But it doesn't make the movie any less awesome, and here is why:
You may have noticed that the Mad Max trilogy has been gradually amping up the intensity and societal craziness as the films progressed. In Mad Max, there is very little separating Max's world from our own, but in The Road Warrior, with a bit more gestation time, some experience and a bigger budget, you know right from the jump that things have gone off the rails. Seeing Max's battered car evade crossbow-wielding biker savages in order to sop up some leaking 'guzzoline' with a dirty bandana, you are given a very clear picture of how things have deteriorated, and without any dialogue for the first ten minutes or so.
By the time we get Beyond Thunderdome, with MasterBlaster running Bartertown and Tina Turner's Auntie Entity demonstrating her authority with a one-hundred pound chainmail dress, it finally sinks in that civilization and society have irrevocably changed.
Miller has had his ideas about Mad Max's madder world percolating for three decades now, and the place is crazier than ever now. The outlaw gangs are no longer on the outskirts of society, they are society, and their leader, Immortan Joe, is worshipped as a god on Earth, or at least a prophet of old. He has used his control of water to exert total domination of the populace via the speed cult of chrome-coveting 'half-lifers' that wish for nothing more than to die in his service so they can be reborn and live again in his twisted take on Valhalla.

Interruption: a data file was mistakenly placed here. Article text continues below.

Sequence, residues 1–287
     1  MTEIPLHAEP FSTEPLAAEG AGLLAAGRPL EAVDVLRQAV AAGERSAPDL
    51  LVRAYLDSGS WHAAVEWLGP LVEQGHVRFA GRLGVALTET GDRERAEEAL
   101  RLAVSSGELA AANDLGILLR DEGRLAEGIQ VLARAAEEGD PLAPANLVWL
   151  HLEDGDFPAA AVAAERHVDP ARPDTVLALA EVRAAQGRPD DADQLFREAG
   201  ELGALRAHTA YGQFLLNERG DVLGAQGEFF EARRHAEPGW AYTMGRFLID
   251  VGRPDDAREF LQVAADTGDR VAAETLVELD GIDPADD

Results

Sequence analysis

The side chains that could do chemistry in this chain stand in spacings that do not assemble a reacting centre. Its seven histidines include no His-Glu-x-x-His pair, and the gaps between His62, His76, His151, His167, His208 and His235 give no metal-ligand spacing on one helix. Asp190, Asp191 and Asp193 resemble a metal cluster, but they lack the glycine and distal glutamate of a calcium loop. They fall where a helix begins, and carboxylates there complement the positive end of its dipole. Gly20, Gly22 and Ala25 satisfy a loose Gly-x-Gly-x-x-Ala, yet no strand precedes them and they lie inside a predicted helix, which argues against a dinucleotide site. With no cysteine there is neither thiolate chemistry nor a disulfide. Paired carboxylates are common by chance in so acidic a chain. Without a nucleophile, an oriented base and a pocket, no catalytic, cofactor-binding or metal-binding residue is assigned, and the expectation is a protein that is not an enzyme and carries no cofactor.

Using slaves like Max as 'blood bags' to help stave off what is either radiation poisoning or just the high cost of red-line living, these half lifers take him in pursuit of a rogue Imperator driving one of the Immortan's War Rigs. Once Max has the chance to break free, Furiosa and her precious cargo becomes his best shot out of the desert, with his vampiric nemesis Nux (an almost up recognizable Nicholas Hoult) in close pursuit.
As mentioned, there are those who feel Max's role is incidental, and unbecoming of a hero in his own film, but I have bad news for these individuals, as they are madder than Max: